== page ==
Viking Invasion

From Assassin's Creed Valhalla, to television series The Last Kingdom, vikings dominate our screens like never before. Historian Tom Holland argues the medieval plunderers are perfectly suited to the strut and swagger required for modern-day blockbusters.

Assassins Creed Valhalla

Viking Invasion

From the Assassin’s Creed Valhalla video game, to television series The Last Kingdom, vikings dominate our screens like never before. Tom Holland argues the medieval plunderers are perfectly suited to the strut and swagger required for modern-day blockbusters.

We are currently in the midst of a Viking invasion. Mead-halls and battle-axes are everywhere. Last November, when Ubisoft released a Viking-themed version of Assassin’s Creed, the launch week sales were the largest in the franchise’s history. Two long-running TV dramas, Vikings and The Last Kingdom, have both been building to berserkir climaxes. In 2020, Neil Price’s new history of the Vikings, The Children of Ash and Elm, was the Sunday Times history book of the year. Monks, scanning the grey waters of the North Sea, used to dread the sight of dragon-ships. Not us, it seems. We can’t have enough of dragon-ships. The more the merrier.

In one sense, this is nothing new. “The Vikings!” wrote an author of historical novels for children back in 1895. “What a world of conjecture and romance unfolds itself before the youthful imaginative mind at the word.” In the 19th century, when there were no PlayStations or streaming platforms, the youthful imaginative mind chiefly had to content itself with adventure books; but today the scope for bringing the Viking world back to life has outsoared the wildest dreams of the Victorians. The appeal in a time of lockdown is, perhaps, particularly strong. To leave a cramped and dreary existence behind; to roam the world; to scorn rules, to dismiss fears, to laugh in the face of danger: such is how we imagine the Viking spirit. Who – even if only as a fantasy – would not want a bit of that right now? 

To be a Viking – a Vikingr – was to be a pirate. That, in Old Norse, was what the word meant. Obviously, not everyone in early medieval Scandinavia was a Vikingr. There were merchants, and craftsmen, and thralls. There were women who kept the home, and seamstresses, and concubines. Shield maidens – despite what Assassin’s Creed Valhalla may imply – were vanishingly rare. The consensus on this has not been altered by the discovery four years ago that a skeleton found buried in a Swedish chamber grave with weapons was female.

Katheryn Winnick playing the shield maiden Lagertha in Vikings

That Viking women were capable on occasion of subverting the assumptions of the society in which they lived does not alter the fact that these assumptions were overwhelmingly patriarchal. Taking to the seas and pillaging monasteries was essentially a masculine activity. The proper sphere of women was seen as the home. Unsurprisingly, then, some scholars have felt uncomfortable with using the word ‘Viking’ to describe an entire civilisation. Yet still we use it. This is partly because there is no obvious alternative; and partly because it does indeed express something vital about the age. That Scandinavians in the early Middle Ages were given to stalking the seas, and looting treasure, and exulting in displays of extreme violence, was not just monkish propaganda. The Vikings were indeed a most piratical people.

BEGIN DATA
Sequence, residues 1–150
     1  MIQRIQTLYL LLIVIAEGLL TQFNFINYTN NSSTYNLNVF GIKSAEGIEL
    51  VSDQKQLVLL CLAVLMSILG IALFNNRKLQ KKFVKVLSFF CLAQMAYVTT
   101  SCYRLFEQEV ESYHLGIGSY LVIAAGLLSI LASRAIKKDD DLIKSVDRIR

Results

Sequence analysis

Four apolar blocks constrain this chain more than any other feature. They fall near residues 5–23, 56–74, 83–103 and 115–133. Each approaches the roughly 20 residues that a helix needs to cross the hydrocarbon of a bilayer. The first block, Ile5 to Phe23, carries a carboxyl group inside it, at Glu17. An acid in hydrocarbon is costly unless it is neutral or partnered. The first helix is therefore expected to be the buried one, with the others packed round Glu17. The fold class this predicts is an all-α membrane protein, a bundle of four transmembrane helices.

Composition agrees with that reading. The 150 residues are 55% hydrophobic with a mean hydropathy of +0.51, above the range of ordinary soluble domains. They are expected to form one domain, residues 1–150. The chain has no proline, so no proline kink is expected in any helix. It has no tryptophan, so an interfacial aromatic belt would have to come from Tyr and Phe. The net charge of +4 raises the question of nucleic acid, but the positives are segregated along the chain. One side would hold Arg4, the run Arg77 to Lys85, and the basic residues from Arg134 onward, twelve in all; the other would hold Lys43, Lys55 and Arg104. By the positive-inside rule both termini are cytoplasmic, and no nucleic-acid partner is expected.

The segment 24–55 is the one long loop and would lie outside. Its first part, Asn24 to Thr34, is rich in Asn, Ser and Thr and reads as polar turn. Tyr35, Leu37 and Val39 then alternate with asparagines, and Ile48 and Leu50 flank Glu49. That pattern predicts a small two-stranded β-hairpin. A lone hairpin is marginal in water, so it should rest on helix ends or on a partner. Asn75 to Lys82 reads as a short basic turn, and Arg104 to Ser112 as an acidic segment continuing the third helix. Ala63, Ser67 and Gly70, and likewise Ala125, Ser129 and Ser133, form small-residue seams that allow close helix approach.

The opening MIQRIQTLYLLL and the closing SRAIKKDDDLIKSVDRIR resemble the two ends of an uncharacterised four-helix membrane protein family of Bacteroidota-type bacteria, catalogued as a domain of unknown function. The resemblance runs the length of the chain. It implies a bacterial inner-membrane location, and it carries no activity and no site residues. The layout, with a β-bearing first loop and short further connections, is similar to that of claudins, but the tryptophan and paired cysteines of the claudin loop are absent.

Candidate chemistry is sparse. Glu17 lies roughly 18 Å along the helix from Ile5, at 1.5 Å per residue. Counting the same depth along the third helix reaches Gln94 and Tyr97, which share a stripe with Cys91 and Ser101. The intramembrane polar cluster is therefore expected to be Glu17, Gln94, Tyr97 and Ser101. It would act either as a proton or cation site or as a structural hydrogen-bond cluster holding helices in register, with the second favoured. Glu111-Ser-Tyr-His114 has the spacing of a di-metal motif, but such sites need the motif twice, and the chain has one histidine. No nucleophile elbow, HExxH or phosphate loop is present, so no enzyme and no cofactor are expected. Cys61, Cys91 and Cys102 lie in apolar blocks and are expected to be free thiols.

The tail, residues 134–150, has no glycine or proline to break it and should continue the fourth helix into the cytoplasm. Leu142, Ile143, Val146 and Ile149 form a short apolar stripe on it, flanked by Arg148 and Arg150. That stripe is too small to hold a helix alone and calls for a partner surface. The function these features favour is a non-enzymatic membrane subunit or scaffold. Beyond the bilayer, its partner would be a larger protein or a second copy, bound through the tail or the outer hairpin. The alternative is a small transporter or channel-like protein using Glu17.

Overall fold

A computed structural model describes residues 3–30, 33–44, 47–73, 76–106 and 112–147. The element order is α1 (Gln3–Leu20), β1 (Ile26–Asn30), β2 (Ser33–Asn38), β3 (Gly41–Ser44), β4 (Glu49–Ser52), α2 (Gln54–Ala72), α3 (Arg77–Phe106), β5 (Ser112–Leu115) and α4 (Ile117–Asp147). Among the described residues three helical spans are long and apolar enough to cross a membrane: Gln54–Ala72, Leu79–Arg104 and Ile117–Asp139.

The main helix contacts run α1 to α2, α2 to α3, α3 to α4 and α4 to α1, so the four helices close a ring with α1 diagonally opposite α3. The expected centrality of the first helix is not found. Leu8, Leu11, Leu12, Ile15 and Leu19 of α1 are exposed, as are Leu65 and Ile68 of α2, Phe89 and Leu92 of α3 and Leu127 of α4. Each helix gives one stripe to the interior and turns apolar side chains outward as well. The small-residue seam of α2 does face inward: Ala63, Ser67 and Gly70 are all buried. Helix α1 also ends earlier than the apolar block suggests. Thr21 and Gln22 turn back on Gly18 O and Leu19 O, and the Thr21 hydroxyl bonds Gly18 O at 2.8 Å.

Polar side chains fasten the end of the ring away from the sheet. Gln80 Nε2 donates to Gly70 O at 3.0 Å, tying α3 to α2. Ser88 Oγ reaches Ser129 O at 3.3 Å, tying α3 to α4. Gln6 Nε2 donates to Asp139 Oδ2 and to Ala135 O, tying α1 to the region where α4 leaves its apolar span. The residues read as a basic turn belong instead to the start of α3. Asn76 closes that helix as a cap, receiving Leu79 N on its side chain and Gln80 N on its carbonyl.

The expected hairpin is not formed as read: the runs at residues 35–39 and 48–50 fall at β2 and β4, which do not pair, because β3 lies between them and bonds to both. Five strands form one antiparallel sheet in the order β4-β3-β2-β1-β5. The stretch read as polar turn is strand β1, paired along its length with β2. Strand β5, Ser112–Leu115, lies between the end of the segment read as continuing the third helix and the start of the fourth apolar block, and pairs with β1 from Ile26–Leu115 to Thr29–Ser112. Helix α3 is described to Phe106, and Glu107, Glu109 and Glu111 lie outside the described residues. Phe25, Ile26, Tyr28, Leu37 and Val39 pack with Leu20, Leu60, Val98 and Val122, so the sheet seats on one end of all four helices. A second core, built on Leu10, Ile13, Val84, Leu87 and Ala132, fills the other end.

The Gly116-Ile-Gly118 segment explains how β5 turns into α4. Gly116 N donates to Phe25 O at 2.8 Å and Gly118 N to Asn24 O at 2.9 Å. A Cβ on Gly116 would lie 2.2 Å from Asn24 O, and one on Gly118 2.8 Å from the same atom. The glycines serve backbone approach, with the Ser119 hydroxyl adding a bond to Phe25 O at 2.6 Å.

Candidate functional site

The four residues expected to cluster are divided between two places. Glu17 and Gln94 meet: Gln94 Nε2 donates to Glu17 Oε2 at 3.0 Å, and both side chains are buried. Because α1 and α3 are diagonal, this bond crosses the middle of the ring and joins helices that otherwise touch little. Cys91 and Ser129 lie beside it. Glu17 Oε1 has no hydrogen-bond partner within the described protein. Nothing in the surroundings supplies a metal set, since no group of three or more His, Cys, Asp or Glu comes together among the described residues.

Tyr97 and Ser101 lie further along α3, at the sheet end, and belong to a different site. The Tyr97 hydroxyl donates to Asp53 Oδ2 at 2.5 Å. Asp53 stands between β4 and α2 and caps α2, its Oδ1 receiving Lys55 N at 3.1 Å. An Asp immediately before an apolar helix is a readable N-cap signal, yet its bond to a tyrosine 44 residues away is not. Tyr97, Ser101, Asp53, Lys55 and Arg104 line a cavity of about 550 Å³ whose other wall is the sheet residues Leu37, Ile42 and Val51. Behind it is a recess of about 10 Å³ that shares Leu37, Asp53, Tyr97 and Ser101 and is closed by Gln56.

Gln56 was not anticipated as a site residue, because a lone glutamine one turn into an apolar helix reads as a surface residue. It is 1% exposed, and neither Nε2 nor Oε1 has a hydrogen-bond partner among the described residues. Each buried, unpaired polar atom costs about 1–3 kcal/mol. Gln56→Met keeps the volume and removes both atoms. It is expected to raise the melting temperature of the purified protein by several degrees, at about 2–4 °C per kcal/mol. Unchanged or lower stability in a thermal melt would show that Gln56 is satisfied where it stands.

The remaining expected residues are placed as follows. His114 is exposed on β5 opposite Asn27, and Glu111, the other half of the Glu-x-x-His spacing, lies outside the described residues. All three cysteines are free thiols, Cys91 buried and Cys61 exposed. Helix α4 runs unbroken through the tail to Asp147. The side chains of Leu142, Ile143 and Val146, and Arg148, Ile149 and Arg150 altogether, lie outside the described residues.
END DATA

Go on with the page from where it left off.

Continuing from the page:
“My sword is gore-greedy.” Such is the kind of small talk that features in Assassins Creed Valhalla. The Viking Age – as conventionally measured by historians – began with blood dripping from weapons, and ended with it as well. On 8 June 793, “heathen men” from across the seas descended on Lindisfarne, a wealthy monastery on an island off the coast of Northumbria. Their arrival had been portended by fearsome omens: whirlwinds, lightning, and fiery dragons seen in the sky.

Shock among the Northumbrians that men would dare to attack a shrine holy to God was rivalled only by the surprise of the raiders themselves at finding an unguarded repository of treasure standing conveniently beside the sea. No surprise, then, that the Vikings, over the decades and centuries that followed, should have kept coming back. By 1066, when an entire fleet of dragon-ships came gliding up the Humber, the kingdom of Northumbria had been the object of Viking ambitions for almost 300 years. Those ambitions, over the course of the centuries, had swollen immoderately.